The cast sings “It’s Beginning to Look a Lot Like Christmas,” “The Christmas Song,” and “It’s the Most Wonderful Time of the Year” to reflect the musical style of twentieth century America. The American version of Dickens’ tale plays out with Little reprising his role and Jimmy as Crachit. The segment culminates with a turkey dinner and Jimmy saying a prayer for peace at the dinner table.

In addition to Julie Andrews’ beautiful, emotive voice, I greatly enjoyed seeing Jimmy Stewart singing and enjoying himself on this program. His warm presence is definitely evident here, adding to the already wonderful watch.

It is a ridiculous understatement to say that Jimmy and Julie are wonderful together, but I don’t know how else to say it. Together, they encapsulate the joy of the season, spreading warmth and good cheer, but they also underscore the sacred, serious moments as well.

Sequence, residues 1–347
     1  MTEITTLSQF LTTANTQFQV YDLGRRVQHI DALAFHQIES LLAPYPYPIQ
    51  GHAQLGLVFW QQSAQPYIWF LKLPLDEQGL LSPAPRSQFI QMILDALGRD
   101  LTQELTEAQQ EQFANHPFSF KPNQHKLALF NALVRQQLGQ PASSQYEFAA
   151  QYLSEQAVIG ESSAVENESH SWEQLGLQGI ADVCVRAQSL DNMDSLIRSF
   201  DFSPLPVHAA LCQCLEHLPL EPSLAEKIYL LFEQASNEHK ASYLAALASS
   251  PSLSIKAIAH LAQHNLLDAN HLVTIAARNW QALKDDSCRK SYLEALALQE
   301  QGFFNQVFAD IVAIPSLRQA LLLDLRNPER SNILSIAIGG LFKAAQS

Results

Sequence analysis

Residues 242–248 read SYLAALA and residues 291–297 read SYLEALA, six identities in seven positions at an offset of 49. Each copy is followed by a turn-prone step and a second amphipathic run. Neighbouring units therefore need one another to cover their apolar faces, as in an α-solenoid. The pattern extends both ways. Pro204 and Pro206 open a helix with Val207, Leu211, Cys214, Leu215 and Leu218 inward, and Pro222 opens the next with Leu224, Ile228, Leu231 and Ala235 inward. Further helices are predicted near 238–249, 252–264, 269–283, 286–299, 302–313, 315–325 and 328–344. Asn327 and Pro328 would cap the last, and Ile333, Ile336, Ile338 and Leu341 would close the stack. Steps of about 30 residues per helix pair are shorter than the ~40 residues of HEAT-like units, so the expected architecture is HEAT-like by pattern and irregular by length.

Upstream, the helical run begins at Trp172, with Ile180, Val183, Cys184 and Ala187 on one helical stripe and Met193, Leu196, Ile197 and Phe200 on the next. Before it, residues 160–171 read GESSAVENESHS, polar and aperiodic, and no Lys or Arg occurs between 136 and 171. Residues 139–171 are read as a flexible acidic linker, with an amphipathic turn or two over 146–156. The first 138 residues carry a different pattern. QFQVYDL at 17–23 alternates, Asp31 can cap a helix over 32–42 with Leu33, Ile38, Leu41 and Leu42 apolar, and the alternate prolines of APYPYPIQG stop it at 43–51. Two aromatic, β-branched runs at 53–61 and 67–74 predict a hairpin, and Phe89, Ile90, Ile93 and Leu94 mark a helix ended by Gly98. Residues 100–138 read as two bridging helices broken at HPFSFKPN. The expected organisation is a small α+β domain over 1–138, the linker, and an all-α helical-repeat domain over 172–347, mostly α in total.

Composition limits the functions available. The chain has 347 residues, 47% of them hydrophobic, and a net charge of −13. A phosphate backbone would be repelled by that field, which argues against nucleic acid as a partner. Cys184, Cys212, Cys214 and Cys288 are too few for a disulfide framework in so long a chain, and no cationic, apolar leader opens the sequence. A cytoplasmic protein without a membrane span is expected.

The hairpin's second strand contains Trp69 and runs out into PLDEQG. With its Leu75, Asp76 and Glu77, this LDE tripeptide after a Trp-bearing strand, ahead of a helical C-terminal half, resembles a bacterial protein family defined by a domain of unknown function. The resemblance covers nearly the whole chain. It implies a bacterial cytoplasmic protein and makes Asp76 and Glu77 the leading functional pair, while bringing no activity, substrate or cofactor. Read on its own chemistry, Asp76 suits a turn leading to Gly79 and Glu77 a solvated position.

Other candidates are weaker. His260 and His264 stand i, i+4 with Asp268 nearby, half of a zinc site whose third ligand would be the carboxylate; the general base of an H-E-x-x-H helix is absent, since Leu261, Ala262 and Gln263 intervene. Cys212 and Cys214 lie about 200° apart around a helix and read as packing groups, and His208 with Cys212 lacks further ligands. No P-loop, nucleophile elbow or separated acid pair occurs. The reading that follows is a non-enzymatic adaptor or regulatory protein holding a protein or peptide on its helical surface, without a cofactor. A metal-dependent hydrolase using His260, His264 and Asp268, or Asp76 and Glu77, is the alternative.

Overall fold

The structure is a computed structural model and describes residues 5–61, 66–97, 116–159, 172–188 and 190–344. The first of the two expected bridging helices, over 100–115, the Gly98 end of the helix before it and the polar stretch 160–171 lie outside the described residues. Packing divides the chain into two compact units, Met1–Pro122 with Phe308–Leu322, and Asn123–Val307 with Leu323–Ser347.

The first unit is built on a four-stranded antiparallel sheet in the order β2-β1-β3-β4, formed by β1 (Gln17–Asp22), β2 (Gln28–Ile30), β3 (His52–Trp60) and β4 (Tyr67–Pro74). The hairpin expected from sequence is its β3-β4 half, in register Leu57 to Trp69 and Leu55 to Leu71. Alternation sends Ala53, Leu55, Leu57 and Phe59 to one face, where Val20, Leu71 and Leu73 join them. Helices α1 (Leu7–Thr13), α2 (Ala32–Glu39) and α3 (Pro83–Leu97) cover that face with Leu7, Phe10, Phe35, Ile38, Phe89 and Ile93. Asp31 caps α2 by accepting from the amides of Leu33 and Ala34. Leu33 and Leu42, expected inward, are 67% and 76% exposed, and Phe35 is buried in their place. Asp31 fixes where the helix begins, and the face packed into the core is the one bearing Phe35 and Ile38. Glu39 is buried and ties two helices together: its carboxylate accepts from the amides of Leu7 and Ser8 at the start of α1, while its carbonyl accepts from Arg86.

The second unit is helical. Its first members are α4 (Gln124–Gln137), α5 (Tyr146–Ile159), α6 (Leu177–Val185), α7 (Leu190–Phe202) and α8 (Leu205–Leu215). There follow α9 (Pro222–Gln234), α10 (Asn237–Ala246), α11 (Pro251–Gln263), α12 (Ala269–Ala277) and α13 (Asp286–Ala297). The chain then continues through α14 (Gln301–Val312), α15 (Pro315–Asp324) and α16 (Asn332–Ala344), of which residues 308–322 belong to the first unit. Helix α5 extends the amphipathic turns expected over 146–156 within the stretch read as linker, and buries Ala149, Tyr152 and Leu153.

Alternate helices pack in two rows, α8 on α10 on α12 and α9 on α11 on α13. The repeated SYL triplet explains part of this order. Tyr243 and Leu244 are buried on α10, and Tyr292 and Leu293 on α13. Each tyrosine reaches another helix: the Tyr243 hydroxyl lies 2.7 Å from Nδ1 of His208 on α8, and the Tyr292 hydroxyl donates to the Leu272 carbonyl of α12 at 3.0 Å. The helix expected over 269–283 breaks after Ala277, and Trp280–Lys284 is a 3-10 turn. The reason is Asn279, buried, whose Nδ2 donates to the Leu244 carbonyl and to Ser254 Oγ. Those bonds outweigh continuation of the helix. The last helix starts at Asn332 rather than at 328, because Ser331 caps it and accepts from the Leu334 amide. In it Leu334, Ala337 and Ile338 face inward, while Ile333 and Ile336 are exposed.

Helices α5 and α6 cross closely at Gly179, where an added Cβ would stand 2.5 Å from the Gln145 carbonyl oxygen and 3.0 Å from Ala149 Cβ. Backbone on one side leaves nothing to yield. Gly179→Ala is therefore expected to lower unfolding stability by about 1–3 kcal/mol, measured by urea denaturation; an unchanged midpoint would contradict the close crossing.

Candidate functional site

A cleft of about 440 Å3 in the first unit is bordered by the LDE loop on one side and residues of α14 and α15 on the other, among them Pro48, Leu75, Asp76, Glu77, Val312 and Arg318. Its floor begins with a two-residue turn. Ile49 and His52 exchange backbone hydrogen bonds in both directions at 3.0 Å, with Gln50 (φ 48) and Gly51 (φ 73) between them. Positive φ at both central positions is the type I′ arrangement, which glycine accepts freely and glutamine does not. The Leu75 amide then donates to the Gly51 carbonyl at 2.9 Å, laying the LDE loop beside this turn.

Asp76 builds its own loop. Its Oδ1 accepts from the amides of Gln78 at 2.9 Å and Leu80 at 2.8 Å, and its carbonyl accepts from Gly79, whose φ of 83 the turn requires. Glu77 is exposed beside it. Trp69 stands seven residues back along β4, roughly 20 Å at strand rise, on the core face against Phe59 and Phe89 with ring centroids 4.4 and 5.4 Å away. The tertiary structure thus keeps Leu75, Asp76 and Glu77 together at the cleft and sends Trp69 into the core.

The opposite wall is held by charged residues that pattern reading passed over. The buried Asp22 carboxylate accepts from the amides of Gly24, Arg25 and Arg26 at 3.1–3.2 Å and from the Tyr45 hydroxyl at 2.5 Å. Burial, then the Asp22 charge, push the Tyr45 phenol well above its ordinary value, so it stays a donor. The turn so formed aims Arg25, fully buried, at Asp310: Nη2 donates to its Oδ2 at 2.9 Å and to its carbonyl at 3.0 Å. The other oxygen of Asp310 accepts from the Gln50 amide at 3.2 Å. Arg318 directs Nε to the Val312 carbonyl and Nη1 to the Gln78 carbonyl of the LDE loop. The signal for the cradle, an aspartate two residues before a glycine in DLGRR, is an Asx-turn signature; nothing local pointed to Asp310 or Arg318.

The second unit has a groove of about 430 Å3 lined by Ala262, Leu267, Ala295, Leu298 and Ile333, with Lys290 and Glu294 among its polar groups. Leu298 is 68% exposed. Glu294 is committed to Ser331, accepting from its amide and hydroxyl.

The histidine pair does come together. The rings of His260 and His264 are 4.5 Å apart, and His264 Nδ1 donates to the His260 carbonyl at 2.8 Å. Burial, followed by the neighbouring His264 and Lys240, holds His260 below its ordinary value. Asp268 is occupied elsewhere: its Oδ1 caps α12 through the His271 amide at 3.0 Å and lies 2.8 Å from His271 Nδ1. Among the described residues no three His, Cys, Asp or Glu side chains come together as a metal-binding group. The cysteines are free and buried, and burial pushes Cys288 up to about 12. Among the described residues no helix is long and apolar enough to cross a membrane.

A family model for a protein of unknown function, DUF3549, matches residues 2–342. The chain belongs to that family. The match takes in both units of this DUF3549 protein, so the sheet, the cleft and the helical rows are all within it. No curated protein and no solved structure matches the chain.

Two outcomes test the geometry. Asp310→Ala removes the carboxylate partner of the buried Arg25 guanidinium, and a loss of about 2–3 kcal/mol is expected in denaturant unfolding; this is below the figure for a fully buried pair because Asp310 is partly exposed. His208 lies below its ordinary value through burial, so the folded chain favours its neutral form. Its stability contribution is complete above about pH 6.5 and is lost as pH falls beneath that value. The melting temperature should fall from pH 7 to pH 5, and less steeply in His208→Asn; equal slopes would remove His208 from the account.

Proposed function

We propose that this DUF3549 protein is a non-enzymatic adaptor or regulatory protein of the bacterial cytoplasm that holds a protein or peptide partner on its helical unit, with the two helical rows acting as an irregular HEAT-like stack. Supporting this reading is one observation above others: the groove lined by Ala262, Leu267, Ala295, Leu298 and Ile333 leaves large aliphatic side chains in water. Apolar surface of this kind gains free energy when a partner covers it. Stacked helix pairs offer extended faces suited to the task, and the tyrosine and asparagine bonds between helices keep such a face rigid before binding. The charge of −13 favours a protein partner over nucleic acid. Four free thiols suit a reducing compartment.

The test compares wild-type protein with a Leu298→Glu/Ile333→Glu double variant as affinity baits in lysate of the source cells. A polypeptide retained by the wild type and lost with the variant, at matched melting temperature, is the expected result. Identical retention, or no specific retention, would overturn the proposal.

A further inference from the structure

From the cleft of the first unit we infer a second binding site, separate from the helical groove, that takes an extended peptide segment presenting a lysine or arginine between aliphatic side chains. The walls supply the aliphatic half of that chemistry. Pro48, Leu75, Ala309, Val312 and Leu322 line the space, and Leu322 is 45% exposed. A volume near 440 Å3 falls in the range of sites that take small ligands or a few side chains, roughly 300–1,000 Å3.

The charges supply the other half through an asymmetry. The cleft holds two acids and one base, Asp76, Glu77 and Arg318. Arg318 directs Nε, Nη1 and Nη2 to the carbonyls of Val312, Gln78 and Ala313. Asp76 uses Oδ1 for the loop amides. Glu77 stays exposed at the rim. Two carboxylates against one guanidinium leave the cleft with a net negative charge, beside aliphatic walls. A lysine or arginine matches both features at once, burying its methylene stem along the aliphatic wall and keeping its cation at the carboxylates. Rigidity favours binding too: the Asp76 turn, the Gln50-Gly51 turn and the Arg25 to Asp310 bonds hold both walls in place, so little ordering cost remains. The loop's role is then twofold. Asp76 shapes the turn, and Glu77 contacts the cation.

How this show remains hidden is beyond me. With stars of this caliber, it should be considered a classic and aired on television every year! Thank goodness for YouTube!

(Maybe that should have been the title of my series instead…)

“The Julie Andrews Hour Christmas Show” is absolutely delightful and should be required viewing for fans of Jimmy or Julie and for those who love the music and spirit of Christmastime.

Note: This show also contains a number of famous entertainers of the time such as Joel Grey, Cass Elliott, Carl Reiner, Steve Lawrence, and Sergio Franchi. The original commercials are also included in the video.

Watch “The Julie Andrews Hour Christmas Show” here:

Perfect Pairing: It’s a Wonderful Life (1946)

You are viewing Part 3 of my series, Christmas with the Stars: Holiday Specials on YouTube You Won’t Want to Miss. Join me as I uncover holiday gems featuring classic stars each week during the month of December!

To view the introductory post click here.

To view Part 1 of the series click here.

To view Part 2 of the series click here.

To view Part 4 of the series click here.